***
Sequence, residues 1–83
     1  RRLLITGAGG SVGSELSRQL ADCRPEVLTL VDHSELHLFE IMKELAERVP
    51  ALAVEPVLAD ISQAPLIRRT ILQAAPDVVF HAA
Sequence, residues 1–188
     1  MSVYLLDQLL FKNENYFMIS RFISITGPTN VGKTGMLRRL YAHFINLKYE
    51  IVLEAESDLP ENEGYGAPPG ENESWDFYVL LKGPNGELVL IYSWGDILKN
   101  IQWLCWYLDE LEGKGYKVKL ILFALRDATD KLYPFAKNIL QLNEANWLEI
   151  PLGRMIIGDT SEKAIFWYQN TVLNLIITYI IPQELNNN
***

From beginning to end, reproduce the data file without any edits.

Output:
Sequence, residues 1–83
     1  RRLLITGAGG SVGSELSRQL ADCRPEVLTL VDHSELHLFE IMKELAERVP
    51  ALAVEPVLAD ISQAPLIRRT ILQAAPDVVF HAA
Sequence, residues 1–188
     1  MSVYLLDQLL FKNENYFMIS RFISITGPTN VGKTGMLRRL YAHFINLKYE
    51  IVLEAESDLP ENEGYGAPPG ENESWDFYVL LKGPNGELVL IYSWGDILKN
   101  IQWLCWYLDE LEGKGYKVKL ILFALRDATD KLYPFAKNIL QLNEANWLEI
   151  PLGRMIIGDT SEKAIFWYQN TVLNLIITYI IPQELNNN